Impact | How do we assess the impact of what we teach via pupil outcomes? 

Our aim is to provide the foundations of understanding the world through the specific disciplines of biology, chemistry and physics as science has changed our lives and will continue to do so in the future. A strong understanding of scientific principles is vital to the world’s future prosperity and will enable children to flourish in a fast-paced and ever-evolving job market.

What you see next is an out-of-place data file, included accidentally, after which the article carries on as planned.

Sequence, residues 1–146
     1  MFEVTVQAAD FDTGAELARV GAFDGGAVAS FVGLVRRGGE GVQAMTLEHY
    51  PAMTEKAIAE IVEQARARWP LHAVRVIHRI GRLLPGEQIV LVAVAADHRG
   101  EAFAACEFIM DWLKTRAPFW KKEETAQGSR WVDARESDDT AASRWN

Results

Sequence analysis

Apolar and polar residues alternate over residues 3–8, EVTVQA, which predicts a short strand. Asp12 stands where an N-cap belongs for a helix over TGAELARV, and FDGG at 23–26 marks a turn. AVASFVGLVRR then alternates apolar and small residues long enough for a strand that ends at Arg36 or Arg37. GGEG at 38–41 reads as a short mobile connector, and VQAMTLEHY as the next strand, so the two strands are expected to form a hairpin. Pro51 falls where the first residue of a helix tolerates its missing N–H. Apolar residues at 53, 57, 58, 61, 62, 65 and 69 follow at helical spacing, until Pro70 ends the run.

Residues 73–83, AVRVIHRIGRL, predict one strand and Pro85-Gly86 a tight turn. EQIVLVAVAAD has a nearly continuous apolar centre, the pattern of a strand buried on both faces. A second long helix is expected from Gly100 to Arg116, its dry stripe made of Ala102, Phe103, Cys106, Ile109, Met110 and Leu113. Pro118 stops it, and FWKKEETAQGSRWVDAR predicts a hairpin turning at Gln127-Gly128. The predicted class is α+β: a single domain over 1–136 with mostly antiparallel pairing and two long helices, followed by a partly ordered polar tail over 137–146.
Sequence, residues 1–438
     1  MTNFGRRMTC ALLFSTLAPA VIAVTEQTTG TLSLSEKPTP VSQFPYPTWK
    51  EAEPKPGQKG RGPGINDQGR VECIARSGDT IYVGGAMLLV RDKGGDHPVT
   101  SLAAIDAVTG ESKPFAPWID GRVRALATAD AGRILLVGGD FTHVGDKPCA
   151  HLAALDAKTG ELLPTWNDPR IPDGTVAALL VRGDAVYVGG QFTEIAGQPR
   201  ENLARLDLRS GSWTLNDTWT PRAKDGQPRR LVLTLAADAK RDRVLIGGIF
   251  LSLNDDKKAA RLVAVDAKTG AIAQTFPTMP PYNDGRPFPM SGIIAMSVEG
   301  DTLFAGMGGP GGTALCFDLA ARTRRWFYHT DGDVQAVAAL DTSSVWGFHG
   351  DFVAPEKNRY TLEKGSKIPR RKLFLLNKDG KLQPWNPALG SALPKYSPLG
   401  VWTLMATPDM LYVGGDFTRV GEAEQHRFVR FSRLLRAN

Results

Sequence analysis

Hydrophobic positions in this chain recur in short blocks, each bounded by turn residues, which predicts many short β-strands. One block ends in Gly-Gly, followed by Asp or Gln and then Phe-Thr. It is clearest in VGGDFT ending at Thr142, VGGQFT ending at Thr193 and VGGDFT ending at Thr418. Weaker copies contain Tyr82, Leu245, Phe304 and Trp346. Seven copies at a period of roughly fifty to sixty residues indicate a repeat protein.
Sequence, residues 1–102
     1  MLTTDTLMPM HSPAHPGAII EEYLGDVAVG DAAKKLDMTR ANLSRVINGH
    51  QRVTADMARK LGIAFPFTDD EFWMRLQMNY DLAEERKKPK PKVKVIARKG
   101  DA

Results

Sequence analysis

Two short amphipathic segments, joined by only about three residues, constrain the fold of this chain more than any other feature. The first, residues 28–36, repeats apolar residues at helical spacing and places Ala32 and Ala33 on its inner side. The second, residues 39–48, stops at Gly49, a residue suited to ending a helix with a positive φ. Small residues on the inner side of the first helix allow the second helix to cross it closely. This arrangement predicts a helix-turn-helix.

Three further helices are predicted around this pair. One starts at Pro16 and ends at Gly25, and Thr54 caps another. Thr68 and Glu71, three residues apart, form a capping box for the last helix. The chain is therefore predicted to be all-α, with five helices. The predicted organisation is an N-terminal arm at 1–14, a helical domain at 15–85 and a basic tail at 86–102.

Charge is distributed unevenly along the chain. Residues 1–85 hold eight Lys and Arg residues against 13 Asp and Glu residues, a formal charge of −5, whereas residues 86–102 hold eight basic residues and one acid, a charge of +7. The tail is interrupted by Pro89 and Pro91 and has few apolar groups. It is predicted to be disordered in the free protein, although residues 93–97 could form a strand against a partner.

We assess the impact of Science teaching through formative and summative assessment of children’s knowledge, scientific skills and data handling skills. Retrieval practice is used throughout all units and summative assessments are utilised to assess impact; these are analysed and evaluated enabling modification to planning and sharing of good practice. To ensure the impact of Science is monitored, evaluated and improved, Subject Leaders triangulate its impact through a multi-pronged approach, which can include: book looks, review of planning, lesson walkthroughs, pupil conferencing, learning conversations with staff and data evaluation.